Simon Johnson, former IMF chief economist and professor at MIT’s Sloan School of Management, joins Yahoo Finance Live to discuss recession risks, Europe’s energy crisis and the Central Bank’s continued rate hike European.
– Well, despite better polls for President Biden lately, American voters may remember James Karvell’s famous quote when he went to the polls, saying exactly, it’s the economy, stupid.
Well, people’s extremely high cost of living will no doubt be one of the main drivers heading into November. But is the pessimistic view of the economy exaggerated? Let’s introduce Simon Johnson, former chief economist at the IMF and professor at MIT’s Sloan School of Management.
Simon, it’s good to talk to you today. It sounds like you’re a little more optimistic about the outlook, at least as far as the US economy is concerned.
SIMON JOHNSON: Yes. That’s right, Akiko. I think we are making progress on some really important issues around innovation, job creation and how opportunity is distributed across the country.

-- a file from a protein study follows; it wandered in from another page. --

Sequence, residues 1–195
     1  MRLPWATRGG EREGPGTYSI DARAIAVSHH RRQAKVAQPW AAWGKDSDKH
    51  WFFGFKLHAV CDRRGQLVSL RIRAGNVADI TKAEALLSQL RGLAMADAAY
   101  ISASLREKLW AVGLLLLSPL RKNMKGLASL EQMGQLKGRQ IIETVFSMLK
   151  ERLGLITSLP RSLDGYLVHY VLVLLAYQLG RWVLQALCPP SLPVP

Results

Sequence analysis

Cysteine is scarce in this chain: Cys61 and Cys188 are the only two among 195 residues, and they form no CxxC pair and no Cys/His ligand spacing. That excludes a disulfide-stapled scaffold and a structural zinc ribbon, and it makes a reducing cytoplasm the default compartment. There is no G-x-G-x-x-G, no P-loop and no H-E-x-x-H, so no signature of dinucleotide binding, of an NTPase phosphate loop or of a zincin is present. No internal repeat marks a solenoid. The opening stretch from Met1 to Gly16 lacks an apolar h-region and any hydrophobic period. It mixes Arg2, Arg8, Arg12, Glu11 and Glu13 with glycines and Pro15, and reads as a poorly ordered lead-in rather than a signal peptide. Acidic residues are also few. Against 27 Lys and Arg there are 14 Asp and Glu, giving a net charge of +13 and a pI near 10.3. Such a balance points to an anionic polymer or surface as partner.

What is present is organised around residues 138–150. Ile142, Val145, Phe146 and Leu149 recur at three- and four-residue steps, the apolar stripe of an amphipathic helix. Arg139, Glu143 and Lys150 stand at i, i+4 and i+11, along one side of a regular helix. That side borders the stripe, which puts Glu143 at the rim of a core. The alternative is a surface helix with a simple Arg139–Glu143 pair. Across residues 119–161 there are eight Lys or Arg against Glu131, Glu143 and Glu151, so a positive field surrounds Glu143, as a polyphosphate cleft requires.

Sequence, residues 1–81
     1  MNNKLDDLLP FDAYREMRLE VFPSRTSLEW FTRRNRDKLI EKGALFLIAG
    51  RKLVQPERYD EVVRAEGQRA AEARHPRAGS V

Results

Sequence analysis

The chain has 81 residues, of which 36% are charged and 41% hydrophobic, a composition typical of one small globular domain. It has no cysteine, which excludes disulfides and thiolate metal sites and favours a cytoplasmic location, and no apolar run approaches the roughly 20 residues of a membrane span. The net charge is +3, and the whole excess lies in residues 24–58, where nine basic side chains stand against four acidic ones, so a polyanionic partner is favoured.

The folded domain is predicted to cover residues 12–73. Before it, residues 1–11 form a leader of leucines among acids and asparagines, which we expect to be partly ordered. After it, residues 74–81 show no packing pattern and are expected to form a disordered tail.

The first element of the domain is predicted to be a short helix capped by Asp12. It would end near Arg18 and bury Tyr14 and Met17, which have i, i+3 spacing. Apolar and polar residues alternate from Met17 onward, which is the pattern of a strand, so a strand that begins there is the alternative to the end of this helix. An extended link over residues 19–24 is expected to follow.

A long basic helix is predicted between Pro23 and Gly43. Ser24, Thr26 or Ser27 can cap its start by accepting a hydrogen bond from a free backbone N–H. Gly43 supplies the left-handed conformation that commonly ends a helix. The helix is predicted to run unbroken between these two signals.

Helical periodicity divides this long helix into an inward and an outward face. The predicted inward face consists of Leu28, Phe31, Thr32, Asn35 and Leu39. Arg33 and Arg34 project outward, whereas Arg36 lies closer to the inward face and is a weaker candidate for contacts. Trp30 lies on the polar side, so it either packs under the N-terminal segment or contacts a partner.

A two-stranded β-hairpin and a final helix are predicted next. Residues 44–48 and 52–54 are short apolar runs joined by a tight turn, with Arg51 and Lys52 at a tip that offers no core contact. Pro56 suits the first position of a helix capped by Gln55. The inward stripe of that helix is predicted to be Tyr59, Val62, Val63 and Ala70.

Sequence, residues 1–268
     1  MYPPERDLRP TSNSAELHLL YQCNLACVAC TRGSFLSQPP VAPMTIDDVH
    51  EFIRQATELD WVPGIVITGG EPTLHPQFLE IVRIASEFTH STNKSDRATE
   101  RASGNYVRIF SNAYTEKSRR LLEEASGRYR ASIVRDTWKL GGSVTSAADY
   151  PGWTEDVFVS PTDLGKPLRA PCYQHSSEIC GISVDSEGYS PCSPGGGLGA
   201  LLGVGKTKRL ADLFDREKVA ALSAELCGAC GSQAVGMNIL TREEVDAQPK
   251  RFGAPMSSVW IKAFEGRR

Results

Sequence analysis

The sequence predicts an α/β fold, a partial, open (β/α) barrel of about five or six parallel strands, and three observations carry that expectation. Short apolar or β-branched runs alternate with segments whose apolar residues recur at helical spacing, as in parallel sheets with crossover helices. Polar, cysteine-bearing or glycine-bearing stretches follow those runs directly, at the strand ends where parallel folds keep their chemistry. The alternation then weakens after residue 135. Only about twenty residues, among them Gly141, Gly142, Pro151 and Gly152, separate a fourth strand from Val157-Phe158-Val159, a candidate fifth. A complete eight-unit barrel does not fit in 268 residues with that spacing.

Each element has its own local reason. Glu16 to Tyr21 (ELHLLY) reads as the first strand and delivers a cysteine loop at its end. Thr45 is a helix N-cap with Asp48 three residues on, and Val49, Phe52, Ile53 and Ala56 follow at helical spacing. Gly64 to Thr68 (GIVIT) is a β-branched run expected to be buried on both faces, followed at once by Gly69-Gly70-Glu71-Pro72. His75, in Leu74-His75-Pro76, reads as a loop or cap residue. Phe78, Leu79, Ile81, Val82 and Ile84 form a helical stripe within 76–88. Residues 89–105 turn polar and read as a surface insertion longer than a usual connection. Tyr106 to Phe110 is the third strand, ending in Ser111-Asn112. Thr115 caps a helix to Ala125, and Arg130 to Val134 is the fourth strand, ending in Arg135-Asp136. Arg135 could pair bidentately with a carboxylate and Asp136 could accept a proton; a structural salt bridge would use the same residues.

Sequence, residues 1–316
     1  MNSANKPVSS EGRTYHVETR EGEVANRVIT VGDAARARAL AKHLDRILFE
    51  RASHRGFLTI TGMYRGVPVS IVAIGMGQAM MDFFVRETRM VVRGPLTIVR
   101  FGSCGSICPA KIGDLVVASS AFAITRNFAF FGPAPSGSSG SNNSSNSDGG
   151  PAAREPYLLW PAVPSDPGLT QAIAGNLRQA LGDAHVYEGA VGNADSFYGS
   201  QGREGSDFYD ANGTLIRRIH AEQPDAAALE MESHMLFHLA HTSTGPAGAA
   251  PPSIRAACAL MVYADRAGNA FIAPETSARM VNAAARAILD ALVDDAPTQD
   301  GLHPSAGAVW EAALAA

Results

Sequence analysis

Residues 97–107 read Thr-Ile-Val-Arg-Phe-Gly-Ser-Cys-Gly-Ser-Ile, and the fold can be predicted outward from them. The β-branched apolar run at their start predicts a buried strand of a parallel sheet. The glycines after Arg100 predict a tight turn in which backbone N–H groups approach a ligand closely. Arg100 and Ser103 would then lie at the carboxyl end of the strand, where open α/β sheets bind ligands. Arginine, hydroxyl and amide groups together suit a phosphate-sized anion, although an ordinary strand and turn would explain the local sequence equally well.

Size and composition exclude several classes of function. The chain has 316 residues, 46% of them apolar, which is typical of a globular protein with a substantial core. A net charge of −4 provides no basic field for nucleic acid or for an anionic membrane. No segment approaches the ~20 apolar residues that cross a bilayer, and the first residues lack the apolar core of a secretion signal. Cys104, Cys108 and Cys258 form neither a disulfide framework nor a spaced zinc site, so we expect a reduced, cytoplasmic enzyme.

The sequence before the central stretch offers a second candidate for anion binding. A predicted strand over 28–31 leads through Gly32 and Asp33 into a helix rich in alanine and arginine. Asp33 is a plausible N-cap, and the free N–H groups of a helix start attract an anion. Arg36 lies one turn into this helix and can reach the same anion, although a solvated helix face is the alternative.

These are issues that have really hampered growth for a few decades. And now, partly because of the pandemic, partly because of how people have reacted to this and how they view work now, and also because of recent bipartisan legislation, I think we’re making progress.
– So some progress in terms of, as the president said, a more equal recovery, instead of some of the divisiveness that we’ve seen before. But the reality is, as Kevin just pointed out, inflation is still a top concern for many Americans. And we’re still looking at over 8%.
How low do you think that can go? I mean, what do you consider to be the key drivers, or the key levers, outside of monetary policy?
SIMON JOHNSON: Well, when it comes to inflation, Akiko, I think the key question is the global economy and how tight the global economy is or not. And as you know, there’s a lot of talk about a global recession or slowdown. This takes some pressure off the demand.
However, if this slowdown is concentrated in China, if it is accompanied by more supply bottlenecks, it is going to ripple in the other direction. It is therefore a little too early to comment on inflation.